Wednesday, 7 December 2016

A goose chase with a continental twist

Following on from the 5 Nov post, further news on collared goose 7VBY.  As it and its mate 9ABY have settled for the winter at Regneville, a trip was arranged to try and download the data from this GPS collared bird. I headed across on the cross channel ferry and met up with Bruno Chevalier, Alain Livory & Rosalyne Coulomb, three key contributors to our goose resighting family from this beautiful La Manche department in Normandy.

A few minor fieldwork issues to contend with: firstly the collars have moved into a battery saving ‘winter mode’ so only try and talk to the receiver every 12 hours. This of course means one of these times is after dark, and, as it happens, one early in the morning. Lovely clear skies meant for some sub-zero temperatures as we stood out on the saltmarsh in the dark listening to the roosting geese cackling gently out on the estuary. Lovely stars but no download acquired alas, although the problem with looking at geese in the dark is not knowing which rings are present!

So a repeat attempt was made the following morning while the birds were out preening on the sandbanks. Unfortunately once more no download was successful, although one hour later we did get excellent views of the flock, including 7VBY & 9ABY as they came out to graze on the saltmarsh. It’s an interesting wintering population as the flock is a mix of pale-bellied (hrota) and dark-bellied (bernicla) races, and there are now around 20 ringed birds from the hrota flyway wintering here in amongst the >1000 individuals. These include birds ringed in late Spring in Dublin, and also Icelandic ringed birds (as with 7VBY & 9ABY which were ringed in Kolgrafafjordur in May this year). Lots of juveniles of both races apparent in the flock as well. Indeed, the saltmarsh grazing areas have excellent catching potential, and with fine company and the delights of French cuisine to sample, I think this bears serious consideration!

My thanks to Bruno for hosting me, and to Bruno, Alain & Rosalyne for taking the time to show me their patch and stand around in subzero temperatures while I just stood there pointing an aerial out to sea! They have kindly agreed to try again, so hopefully we will learn in more depth about 7VBY’s travels.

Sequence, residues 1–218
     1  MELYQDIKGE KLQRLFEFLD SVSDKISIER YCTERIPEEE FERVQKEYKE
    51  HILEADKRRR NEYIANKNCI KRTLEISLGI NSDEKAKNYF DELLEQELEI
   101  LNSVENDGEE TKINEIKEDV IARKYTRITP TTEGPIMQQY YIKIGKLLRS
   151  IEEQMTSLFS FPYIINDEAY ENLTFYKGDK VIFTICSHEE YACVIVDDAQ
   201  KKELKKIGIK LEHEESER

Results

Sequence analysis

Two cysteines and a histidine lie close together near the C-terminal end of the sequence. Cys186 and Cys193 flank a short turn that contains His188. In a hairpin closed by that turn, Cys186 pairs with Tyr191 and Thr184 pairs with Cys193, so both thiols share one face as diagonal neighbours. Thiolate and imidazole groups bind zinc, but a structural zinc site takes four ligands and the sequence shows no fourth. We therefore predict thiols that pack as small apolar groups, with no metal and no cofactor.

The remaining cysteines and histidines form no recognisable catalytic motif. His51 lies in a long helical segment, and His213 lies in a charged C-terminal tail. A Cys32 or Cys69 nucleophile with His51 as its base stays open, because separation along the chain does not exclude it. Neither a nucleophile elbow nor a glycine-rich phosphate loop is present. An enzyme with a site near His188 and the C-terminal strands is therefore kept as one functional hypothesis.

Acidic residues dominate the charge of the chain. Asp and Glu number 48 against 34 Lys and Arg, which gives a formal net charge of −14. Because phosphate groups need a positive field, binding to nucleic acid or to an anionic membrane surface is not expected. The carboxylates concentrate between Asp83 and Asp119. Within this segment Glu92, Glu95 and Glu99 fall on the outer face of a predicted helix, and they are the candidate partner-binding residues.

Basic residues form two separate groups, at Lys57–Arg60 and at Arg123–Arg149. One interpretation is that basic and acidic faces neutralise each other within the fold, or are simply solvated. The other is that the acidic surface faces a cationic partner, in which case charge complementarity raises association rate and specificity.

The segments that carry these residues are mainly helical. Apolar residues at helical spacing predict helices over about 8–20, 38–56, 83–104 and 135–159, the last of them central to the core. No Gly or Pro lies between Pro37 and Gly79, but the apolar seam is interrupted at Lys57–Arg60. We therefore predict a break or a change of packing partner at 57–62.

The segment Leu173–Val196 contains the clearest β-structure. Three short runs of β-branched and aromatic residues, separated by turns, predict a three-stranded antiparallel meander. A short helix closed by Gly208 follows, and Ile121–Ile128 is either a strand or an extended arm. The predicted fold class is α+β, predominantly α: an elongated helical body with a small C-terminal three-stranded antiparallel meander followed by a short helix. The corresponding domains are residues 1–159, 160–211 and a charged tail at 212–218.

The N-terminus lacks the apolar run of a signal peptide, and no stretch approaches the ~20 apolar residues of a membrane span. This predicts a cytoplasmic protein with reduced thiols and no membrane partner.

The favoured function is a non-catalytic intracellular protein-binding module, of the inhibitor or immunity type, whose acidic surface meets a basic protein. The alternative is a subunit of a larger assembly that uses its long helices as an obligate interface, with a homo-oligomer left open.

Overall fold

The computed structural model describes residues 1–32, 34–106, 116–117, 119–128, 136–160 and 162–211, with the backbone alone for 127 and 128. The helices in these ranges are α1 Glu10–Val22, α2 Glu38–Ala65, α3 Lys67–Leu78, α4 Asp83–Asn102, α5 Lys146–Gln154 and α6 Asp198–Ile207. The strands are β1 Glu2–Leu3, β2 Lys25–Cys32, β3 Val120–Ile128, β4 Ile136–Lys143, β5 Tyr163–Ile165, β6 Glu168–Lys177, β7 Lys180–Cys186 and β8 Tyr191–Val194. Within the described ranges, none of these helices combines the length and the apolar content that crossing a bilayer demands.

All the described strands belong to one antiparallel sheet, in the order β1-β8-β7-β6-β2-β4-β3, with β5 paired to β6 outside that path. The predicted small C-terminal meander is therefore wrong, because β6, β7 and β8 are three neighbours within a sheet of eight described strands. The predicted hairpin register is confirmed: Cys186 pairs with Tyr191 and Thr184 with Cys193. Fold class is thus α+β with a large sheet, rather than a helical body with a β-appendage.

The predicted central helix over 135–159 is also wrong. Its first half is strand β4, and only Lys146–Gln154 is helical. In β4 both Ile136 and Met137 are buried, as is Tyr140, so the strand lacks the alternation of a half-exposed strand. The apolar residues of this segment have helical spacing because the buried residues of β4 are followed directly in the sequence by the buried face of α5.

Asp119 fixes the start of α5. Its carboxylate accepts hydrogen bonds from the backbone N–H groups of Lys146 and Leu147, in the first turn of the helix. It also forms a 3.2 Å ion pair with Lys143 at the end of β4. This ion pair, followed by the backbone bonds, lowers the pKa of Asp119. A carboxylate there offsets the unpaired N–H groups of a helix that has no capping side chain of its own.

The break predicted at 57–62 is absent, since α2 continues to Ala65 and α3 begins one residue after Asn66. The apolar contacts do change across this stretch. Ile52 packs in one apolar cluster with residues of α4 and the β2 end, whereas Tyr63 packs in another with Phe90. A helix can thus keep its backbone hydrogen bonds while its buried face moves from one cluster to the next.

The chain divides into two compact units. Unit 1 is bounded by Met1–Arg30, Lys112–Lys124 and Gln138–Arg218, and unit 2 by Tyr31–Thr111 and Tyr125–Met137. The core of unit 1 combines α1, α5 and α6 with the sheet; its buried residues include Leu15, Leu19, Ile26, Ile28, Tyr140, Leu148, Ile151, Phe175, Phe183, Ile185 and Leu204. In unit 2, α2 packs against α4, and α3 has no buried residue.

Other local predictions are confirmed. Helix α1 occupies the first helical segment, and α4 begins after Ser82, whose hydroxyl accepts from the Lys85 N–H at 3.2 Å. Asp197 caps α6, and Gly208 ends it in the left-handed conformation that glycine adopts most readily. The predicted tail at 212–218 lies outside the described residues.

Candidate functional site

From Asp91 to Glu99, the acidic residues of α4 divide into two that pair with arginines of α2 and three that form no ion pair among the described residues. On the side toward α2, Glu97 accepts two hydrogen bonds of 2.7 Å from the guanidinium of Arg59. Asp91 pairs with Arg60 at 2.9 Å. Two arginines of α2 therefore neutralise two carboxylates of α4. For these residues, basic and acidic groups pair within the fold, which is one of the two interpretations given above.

Tuesday, 6 December 2016

Colour marked everythings...

As Adam has reminded me there are lots of colour-marked birds out there with plain or engraved rings. Too numerous to list here but excluding Brent and wader spp there are ...
gulls, terns, dippers, raptors, different species of geese, swans.... Lots of things. Feel free to add details of your colour-marking project in comments here. The new Irish ringers Facebook page is also worth it?

Colour-marked waders

In the last few months I've read colour rings on Oystercatchers (Icelandic), a Knot (poss ringed in Iceland) and Black-tailed Godwit. As with our Brent such observations are invaluable to the co-ordinators of those projects. Information on Godwits and other waders is available in this very interesting series of articles by Graham Appleton. Worth a read :

Monday, 5 December 2016

Reasons for my Repetitive Strain Injuries...

Tonight saw another milestone in my management of the database - I crossed the 180,000 records entered mark!!
This is how it looks in the bottom shelf of the bookcase in my office:

Each colour of file represents yet another collated year's collection from you, our observers, upon we so much depend.
Well done, all of you!!